I must admit, there was much more work to be done in paradise than I had imagined. Since officially being renamed Shangri-La in 2001, this small trading town of Zhongdian, or the old Tibetan name Gyeltangteng, has been growing rapidly. Now, far from being secluded like the mystical Shangri-La of James Hilton’s Paradise Lost, daily buses and a new airport bring in millions of tourists ever year.  Even famed hotels, such as the Banyan Tree, which now has a partnership with the YMHF, have decided to build in this beautiful and ecologically-diverse area. While tourism holds a lot of benefits for this town, which has now banned its former main industry of logging, this rapid growth has also presented many environmental, economic, and cultural challenges.
Although tremendously scenic, Shangri-La greatest attributes are the unique cultural traditions of its ethnic minorities: the Tibetan, Naxi, the Lisu, the Molimoso, and the Yi tribes. Walking though Old Town Shangri-La, there are an overwhelming number of shops catering to tourists; some are still locally owned and sell genuine products made in the region, but many other shops are owned by outside businesses that sell goods that are manufactured for a much cheaper price in other parts of China. These shops are also more skilled at marketing to tourists and can easily give their products the appearance of being locally-made.
When Ms. Malik first visited Shangri-La in 2004, she was greatly impressed by the traditional crafts but quickly realized that, in order for this region’s rich cultural heritage to survive, the local people must also have access to this influx of wealth brought in by tourism. She envisioned a way to support the arts and culture by giving local people a place to sell their goods and, with the help of investors and volunteers, the Yunnan Mountain Heritage Foundation was officially founded in 2005. The foundation’s Handicraft Center partnered with the local artisans and immediately filled its shelves with traditional handicrafts from Old Town Shangri-La and the surrounding villages: hand-woven cloth table-runners, jackets, and scarves, traditional tampsa bowls, jewelry, paper, copper bells, pottery, and carvings. The sale price pays the artisans, who do not have a store or place accessible to tourists, and also helps them re-invest back into their traditional crafts while improving their livelihoods.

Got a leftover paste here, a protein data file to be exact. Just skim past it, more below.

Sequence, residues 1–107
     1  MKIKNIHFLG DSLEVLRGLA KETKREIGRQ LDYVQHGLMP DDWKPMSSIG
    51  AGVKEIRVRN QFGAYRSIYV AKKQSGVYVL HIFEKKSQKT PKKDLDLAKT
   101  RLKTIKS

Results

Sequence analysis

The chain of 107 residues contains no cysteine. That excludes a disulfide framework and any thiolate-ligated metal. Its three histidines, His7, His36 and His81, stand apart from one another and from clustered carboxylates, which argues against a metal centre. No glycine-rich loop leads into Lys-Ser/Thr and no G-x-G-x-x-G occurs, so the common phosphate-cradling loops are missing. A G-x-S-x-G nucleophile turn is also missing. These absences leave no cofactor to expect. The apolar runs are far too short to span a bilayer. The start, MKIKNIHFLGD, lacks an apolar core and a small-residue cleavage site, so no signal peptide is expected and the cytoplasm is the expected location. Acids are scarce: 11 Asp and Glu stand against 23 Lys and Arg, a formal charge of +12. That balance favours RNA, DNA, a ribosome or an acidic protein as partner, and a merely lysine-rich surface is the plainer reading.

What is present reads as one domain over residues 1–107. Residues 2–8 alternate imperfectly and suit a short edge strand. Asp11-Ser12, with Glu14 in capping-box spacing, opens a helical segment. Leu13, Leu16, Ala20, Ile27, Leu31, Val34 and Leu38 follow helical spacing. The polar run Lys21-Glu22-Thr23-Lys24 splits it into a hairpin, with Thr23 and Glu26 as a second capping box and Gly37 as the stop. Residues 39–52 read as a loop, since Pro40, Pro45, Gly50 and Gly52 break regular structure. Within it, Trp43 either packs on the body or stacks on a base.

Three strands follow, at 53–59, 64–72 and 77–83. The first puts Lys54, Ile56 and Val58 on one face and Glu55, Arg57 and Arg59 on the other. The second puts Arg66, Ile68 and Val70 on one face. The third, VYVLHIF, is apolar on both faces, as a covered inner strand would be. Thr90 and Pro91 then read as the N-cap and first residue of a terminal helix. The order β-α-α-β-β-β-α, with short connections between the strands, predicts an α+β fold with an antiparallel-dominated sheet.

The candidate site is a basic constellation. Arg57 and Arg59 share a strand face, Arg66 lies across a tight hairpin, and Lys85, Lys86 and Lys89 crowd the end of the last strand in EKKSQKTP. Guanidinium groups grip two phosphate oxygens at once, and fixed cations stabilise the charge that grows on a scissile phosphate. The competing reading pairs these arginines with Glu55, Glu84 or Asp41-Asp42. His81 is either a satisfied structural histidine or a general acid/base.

Instead of fighting against the growth, the YMHF has created ways to support the local community by giving them the tools to profit from tourism while still staying true to their rooted traditions. In May 2006, the YMHF launched the “Buy Local” Campaign and tried to help visitors purchase locally made items and to add visibility to the center, helping the tourists to spend their money in a way that will support the local population. The YMHF has continued to sell products from the local villages and is always looking for new ways to improve the store and contribute to the community at large.
Along with the Handicraft Shop, the YMHF is involved in a number of additional projects, ranging from environmental to educational initiatives. The center holds free English lessons every Saturday, during the weekdays in the summer, and has recently partnered with the nearby Eastern Tibetan Training Institute’s “Youth Pre-Employment Program”. This program funds girls from the local villages in a 16-week class that is designed to provide them with skills needed to get their first jobs. As the only native English speaker of the four current volunteers, this would become one of my main projects during my month in Shangri-La.